Tuesday, March 11, 2014

Nadia Haroun dies in Cairo, aged 59

 Nadia Haroun died in Cairo last week

The number of Jews living in Cairo went down to 13 last week with the death from a heart attack of Nadia Haroun, 59, one of the youngest, reports The Wall St Journal. Nadia, a lawyer, was the sister of the leader of the tiny Jewish community, Magda Haroun, and was thought to be an important influence on Magda. The Israeli ambassador to Egypt may not be invited to the funeral today of a daughter of the fiercely anti-Zionist Chehata Haroun, who in the 1960s chose to risk the life of a sick, third daughter rather than leave Egypt.

Last week, one of the few remaining Jewish Egyptians passed away, bringing closer to an end thousands of years of Jewish life in Egypt.

Ms. Nadia Haroun, who died at 59, was the youngest of the 20 Jews who were left in Egypt after President Nasser forced most of the 80,000 Jewish population out of the country in the 1950s and 60s.

Yet, these days, many Egyptians think that the last of Egypt’s Jews left with Moses, unaware that there are still Jews living amongst them. Egyptian history textbooks leave out any mention of history’s most influential Jewish Rabbi, Mosheh ben Maimon (AKA Maimonides), who lived and died in Egypt.

Ms. Haroun was the sister of Magda Haroun, the head of Jewish Community Council in Cairo, and the youngest daughter of the late Chehata Haroun, a famous lawyer, writer and activist who fought for the rights of the Jews in Egypt.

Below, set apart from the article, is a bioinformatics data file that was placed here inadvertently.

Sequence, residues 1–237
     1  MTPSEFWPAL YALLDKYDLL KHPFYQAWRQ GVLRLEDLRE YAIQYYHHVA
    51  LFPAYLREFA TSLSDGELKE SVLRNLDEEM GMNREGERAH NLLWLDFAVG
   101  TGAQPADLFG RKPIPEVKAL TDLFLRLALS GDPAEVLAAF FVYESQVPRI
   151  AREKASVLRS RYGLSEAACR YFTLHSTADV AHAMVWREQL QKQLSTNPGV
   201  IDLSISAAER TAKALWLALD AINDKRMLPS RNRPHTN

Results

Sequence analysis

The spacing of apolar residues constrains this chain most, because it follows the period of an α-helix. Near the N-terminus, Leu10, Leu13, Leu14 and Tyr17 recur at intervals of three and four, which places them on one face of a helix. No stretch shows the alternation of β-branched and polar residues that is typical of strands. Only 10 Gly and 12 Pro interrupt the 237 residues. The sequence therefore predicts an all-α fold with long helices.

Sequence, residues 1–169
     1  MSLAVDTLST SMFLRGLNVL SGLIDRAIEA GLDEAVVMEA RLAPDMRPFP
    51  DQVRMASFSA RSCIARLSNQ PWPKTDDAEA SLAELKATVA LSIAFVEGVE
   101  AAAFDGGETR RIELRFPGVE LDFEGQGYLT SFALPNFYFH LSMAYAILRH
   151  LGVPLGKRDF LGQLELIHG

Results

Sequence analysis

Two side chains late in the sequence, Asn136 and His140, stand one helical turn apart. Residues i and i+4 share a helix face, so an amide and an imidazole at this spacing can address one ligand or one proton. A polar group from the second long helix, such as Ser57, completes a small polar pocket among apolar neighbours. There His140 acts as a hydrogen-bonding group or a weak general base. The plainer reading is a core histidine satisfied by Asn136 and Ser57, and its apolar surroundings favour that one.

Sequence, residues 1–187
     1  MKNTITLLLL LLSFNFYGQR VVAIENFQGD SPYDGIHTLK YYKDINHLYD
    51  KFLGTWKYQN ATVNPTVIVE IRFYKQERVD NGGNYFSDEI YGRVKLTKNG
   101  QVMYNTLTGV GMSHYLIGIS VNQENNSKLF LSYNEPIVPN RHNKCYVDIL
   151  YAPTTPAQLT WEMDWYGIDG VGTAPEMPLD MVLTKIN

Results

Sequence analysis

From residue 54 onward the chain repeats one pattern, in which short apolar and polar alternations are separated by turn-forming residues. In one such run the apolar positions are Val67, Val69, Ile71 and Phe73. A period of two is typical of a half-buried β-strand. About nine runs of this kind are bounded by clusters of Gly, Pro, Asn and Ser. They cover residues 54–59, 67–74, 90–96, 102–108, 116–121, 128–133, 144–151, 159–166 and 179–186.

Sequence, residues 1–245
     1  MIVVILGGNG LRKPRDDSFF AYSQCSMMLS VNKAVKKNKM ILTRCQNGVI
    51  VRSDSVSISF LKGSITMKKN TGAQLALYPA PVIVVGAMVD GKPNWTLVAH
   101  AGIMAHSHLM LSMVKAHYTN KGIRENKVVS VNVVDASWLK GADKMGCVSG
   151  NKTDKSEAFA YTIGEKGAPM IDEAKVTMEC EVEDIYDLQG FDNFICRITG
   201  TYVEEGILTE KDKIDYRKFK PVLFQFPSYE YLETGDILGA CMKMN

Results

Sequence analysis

After the creation of the Israeli State in 1948, very few Egyptian Jews moved to Israel. It wasn’t until 1956 when President Nasser led a campaign demonizing Jews that “Jewish” started to become synonymous with “Zionist” in the Egyptian collective conscious. Mohamed Abul Ghar, who was a member of the 50-strong committee that wrote the Egyptian constitution in 2013 and published a bestseller book about Egypt’s Jews, said “Mass hysteria broke out then among the Jewish community and almost 60% of them left fearing for their lives, escaping to Europe and the Americas, not to Israel, they were anti-Zionists.”

But those who chose to stay continued to be persecuted. In his book “A Jew in Cairo” Chehat Haroun included a letter that he had sent to President Nasser reproaching him for being deprived of his rights as a citizen. Mr. Wasfy Henry, a close old friend of the Haroun sisters, said, “I learned the meaning of patriotism and homeland from this family.” Yet, this same letter was the reason Mr. Haroun, as well as all the Jewish men who were left in Egypt at the time, were arrested and held until the end of the war in 1968. They were then forced to leave the country, except for 12 of them.

Ms. Magda Haroun said in a November press conference held to discuss the 2013 constitution, “we ought to correct mistakes in our history and reconcile with our past.” (...)

Less than a year ago the former Jewish community president, Ms. Carmen Weinstein, passed away and her funeral was attended by a large crowd including the Israeli Ambassador to Egypt, Yaakov Amitai, along with Jewish diplomats and expatriates from all over the world. No Egyptian government representatives attended.

Ms. Nadia Haroun’s funeral today is expected to attract a similar crowd. “Except maybe for the Israeli Ambassador,” said Dr. Abul Ghar. “The Harouns are different. When Chehata Haroun died he asked in his will to not allow Israelis to pray in his funeral.”

Ms. Magda Haroun says she is preparing to be the last to close the door on Jewish life in Egypt and hand over to the Egyptian authorities the keys of 27 synagogues and one of the oldest Jewish cemeteries in the world, Bassatine.

Read article in full 

Egypt's Jews bury their deputy leader (Haaretz)

Post-Weinstein, Egypt's Jewish future at risk 

Goodbye Carmen, hello Magda

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